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 Page 1 of 2 
 

 

An interview with Jeremy Tankard
Exclusive Interview

By: Brendan Staunton
Page 1 of 2

 

Like everyone says, there's a lot of type out there; and no matter how good a new font collection is, the real problem comes with getting it noticed. This is why the smarter designers don't just create typefaces, they also create distinctive identities for their type.

 

Jeremy Tankard has done exactly that with his new collection: ' The Shire Types '. Everything about these fonts - the naming, the packaging and the whole visual appeal - is so strongly evocative of England at the time of the industrial revolution that you can almost hear the rumble from the factories and feel the steam and cold dust working their way into your lungs.

 

"The idea of the Shires was to have this dense, black textural mass, so I took out the ascenders and descenders and just crammed everything together to make a block, so now you have all these dense black building blocks..."

 

It was during his years at Wolff Olins working with those voguishly anorexic fonts so beloved of modern corporate designers, that Jeremy Tankard felt the first stirrings of revolt. Fat can be beautiful too, he thought as he attempted to throw some heavier weight fonts into the design mix - even going so far as to suggest Felicio and Bureau Grotesque for the Channel 5 launch, alas without success.

 

"I don't think they got the point that it's how you use the type that counts. There's more to these fonts than just that familiar 'billboard' effect'."

 

He also wanted to use more type based on English designs and it was ideas like these that forged the thinking behind The Shire Types.

 

As an interviewee, Jeremy Tankard is a model of efficiency. He arrives early and ready prepared with business cards, biography and typed-up notes which update me on his work. Most valuable of all though is his notebook, wherein lies the story of The Shire Types. I order some coffees and ask how it all started.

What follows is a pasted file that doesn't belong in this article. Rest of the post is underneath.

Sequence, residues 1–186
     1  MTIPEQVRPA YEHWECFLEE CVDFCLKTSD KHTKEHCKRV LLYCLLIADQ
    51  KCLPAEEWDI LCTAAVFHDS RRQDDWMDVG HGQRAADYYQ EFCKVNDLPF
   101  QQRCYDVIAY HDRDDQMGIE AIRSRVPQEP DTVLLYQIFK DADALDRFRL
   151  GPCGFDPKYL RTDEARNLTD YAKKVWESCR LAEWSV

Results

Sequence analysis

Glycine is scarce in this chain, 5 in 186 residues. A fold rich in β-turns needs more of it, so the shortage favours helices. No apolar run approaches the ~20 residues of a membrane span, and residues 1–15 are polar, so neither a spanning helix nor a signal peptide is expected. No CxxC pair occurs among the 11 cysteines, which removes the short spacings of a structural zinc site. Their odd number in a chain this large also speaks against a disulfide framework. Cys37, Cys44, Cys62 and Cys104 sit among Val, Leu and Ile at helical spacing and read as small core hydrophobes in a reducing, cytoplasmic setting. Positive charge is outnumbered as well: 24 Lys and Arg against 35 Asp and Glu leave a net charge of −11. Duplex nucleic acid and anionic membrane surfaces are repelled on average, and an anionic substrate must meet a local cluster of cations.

"The Shires were started before I went to Australia in 96 (he shows me the stamp on the page) . Then I put it to bed for six months whilst I was on holiday and when I came back I just ploughed back into it."

 

So how did the idea come about?

 

"It began as these very big, wide and condensed forms - really black and with really small counters. I just kept throwing questions back and forward. What variety of forms did I want? Did I want to keep it big and heavy? And then there was the question of descenders which I eventually decided to take out."

 

That is one of the most distinctive aspects of the font... it evokes that historic feel.

 

"Yes, compare them to the true historical faces such as John Hoffler's. He did a lot of black faces with industrial black heavy letterforms... all that ziggarut. He had a set of basic letterforms and he plugged on different serif styles. Font Bureau bureau grotesque are very clear interpretations of Stephenson's Blake original, but that's how they existed in the nineteenth century. I wanted to interpret them, rather than do a representation. It's a waste of time and effort just to recreate what went before."

 

But that is only part of the story. As his book clearly shows, there were other ideas stirring in the pot, such as the Shires concept itself.

 

"Right at the beginning..." (He leafs back through the book) "...I thought of this idea of the Shires. I was looking at 'The English Lettering Tradition, from 1700 to the present day' by Alan Bartram. You see here there's a section on the Clarendons and the Egyptians and the vernacular form of English lettering from which it all developed."

 

He shows me an entry where he has actually written 'the Shire types' - at this stage, perhaps, as a kind of mental shorthand. The geographical origins of type seem to hold a fascination for him.

 

"When Adobe developed multiple mastering, you could actually work, for the first time, from the polarity of a heavy letterform and a light letterform and mix them together for something inbetween. I toyed with this idea of a typeface where you could have a Scandinavian version, an Italian version, an English and whatever... perhaps a Polish one and you mix and match them from that point of view. Anyway my employers weren't too keen because they wanted their Garamond and whatever, but I really liked this notion of a typeface that could wander between these different areas of Europe, though you can't really do it because obviously there's no such thing as a genuine national type."

 

I suggested that there was, in a way.

 

"Yes, but they can't be blended."
 Page 1 of 2next 


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